As David’s boyish body gradually morphed into a muscular manly one, his soul was ripening like a sweet and juicy pear from days and nights of communing alone with God. His active mind sprouted words of love nurtured by the rich soil of his soul, the most exhilarating poetry the world has ever known.
One refreshing spring day after Passover he composed:
The Lord is my Shepherd, I shall not want.
In green grass He will make me encamp.
He leads me beside still waters.
He restores my soul.
He leads me in the path of righteousness for his Name’s sake.
Though I walk through the valley of the shadow of death
I will fear no evil,
For Thou art with me.
Thy rod and Thy staff, they comfort me.
Thou preparest a table before me in the presence of my enemies.
Thou annointest my head with oil.
My cup runneth over.
Surely goodness and mercy shall follow me all the days of my life,
And I shall dwell in the house of the Lord forever.
David’s companions were the sheep. He had two favorite sheep that came up to him often and with smiling eyes spoke to him silent words of animal love, without expectation of anything more than the subtle joy of experiencing life and the generosity of nature. Only these two sheep among the herd recognized the spirit of their shepherd as warming as the sun and as luminous. The sheepdogs all recognized it, but only two of the sheep. Their lack of human intelligence didn’t keep these animals from bonding to their young shepherd.
Day after day, some long and still, some shortened by dramatic moments as when a lamb fell into a ravine, or when they were all thirsty and didn’t know when or where they would find water on this first trek to Hebron. For this flock was being lead by a novice and so sometimes they had to suffer together.
One day many months into his solitary role as shepherd, as the sunset dimmed the definitions of day, a blur was spotted by a sheepdog. The shock caused dogs and sheep to emit a cacophony of loud harsh blasts the likes of which this serene wilderness rarely contained. David scanned the vista for the source of such fear and spotted the lone lion stealthily approaching his sheep. Great fear like the man-child had never known ignited in his heart as he grappled for instruction from his inner Mentor. Seconds passed like days as the lion nabbed one of his two lamb-friends and was hungrily eating it alive oblivious to the piercing sounds around him and the hardness of its bones in his mouth.
David’s grief turned into controlled fury. While the lion chewed, David leaped upon it and with his dagger stabbed the lion in his chest. The lion, not immediately affected by the wound thrashed at David with its inborn sense power and dominance. David wrestled the lion with his own sense of responsibility and managed to pull the dagger out for one more stab which penetrated so deeply that it stuck in the craw of the lion’s armpit. The rapid blood loss gradually slowed the lion down, but not without first tearing at David’s skin with the nails of its paws. David squirmed out of the lion’s weakening grasp. With sheep parts still in its mouth the strong lion jaw could not engage in the battle with the boy.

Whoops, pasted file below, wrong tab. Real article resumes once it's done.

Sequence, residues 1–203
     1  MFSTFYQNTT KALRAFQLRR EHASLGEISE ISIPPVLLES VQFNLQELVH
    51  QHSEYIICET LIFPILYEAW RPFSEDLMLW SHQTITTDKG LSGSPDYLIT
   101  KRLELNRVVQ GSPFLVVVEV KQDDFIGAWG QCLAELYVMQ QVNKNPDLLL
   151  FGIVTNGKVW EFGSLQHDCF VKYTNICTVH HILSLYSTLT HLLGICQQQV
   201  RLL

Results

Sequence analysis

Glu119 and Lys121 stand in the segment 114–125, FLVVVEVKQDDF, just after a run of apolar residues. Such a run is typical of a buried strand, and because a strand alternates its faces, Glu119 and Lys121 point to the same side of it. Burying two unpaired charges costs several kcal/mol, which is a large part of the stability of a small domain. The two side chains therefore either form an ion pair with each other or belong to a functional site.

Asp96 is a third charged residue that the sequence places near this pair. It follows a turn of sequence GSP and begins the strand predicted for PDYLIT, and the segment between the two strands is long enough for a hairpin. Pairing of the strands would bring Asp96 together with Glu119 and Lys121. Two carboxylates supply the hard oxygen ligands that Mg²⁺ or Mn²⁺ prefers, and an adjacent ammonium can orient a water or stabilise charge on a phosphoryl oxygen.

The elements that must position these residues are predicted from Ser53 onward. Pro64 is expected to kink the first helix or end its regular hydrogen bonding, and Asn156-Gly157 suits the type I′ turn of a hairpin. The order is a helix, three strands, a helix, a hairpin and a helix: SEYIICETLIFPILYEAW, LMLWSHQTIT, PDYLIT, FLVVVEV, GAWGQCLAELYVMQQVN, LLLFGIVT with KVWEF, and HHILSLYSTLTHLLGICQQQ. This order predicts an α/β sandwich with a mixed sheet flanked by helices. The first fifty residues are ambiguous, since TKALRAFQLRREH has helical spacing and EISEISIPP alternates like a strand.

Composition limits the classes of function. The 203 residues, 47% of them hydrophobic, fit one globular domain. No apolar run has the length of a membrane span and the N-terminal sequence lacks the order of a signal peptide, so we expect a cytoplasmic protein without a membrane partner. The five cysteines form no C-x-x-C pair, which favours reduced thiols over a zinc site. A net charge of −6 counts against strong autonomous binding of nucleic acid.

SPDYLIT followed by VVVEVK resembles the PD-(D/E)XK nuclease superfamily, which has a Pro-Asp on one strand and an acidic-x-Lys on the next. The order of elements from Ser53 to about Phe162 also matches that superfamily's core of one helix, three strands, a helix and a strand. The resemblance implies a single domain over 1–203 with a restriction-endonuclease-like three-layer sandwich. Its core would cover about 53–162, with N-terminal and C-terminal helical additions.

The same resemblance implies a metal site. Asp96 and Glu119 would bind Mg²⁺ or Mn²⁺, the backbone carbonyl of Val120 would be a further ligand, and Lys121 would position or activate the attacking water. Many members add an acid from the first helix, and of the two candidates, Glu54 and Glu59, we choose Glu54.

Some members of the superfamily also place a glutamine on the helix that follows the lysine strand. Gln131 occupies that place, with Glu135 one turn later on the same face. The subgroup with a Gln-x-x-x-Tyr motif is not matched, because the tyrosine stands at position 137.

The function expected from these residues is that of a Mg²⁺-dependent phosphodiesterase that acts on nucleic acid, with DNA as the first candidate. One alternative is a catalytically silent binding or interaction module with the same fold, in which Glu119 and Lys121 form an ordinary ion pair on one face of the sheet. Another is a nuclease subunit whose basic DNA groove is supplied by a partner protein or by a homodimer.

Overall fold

With sheep dogs still barking ferociously David released himself from the weakened lion. The dogs formed the second line of defense and went in for the kill, knowing they would reap the spoils of this battle with enough meat to keep their bellies full for days.
The sheep corralled themselves into one mass of wool and looked on the fray sheepishly as they were unable in any way to protect or defend themselves. When He made them God gave lambs no sense of malice, hot anger, or retaliation. And it was for this reason that they were chosen among all the animals made on the sixth day of creation to receive the sins of others.
Following that incident David was in desperate need of rest. While most of the dogs were gorging themselves on the lion’s body, two others licked David’s wounds as he lay resting and praying.
“My God Who saved me from the jaw of the lion, You are indeed a mighty God, a mighty and powerful God, more powerful than the lion, mightier than death. You sacrificed my precious lamb to show me how able you are. You saved me from the mouth of the lion, and from doubt of your love and your abilities. I will always trust You, I will always from this moment forth serve you. Never let me stray.” David fell into a deep and healing sleep surrounded by his sheep who out of either respect or fear needed to be near their savior.
That star-filled night was particularly warm. A thick breeze swirled around the brave young man embracing him with the earthy spirit of nature. David slept soundly, so soundly that his mother visited him in his dreams to comfort him and let him know how very proud she was to have a son who didn’t run away from the lion devouring his sheep. In his sleep David heard his mother chanting a lullaby. Warm as the breeze and melodious as chimes.
David woke refreshed. By morning the trauma had morphed into a harmless tale, like a piece of iridescent quartz that the boy could drop into his pocket and feel from time to time for the pleasure of its sparkles. The light of that stone shined through his fingers in the darkness of the pocket and radiated into his heart and comforted him, and the comfort was restorative.
It took about a week before David stopped trembling over the memory of the lion that grabbed one of his favorite lambs. Both he and the remaining lamb grieved their loss together. The memory of the sight of his playful and lovable companion in the lion’s jaws tormented him. David decided it was time to go home. He had been out long enough.
The mass that was David and his dogs and his sheep, like a mass of bees moved slowly back to Bethlehem chewing its way through pastures and fields, and walking more quickly across the wadi.
One hot afternoon in the distance David saw a spot approaching quickly. Whether on horse or camel I cannot say. Eventually the spot was close enough for David to recognize his brother Aminadab.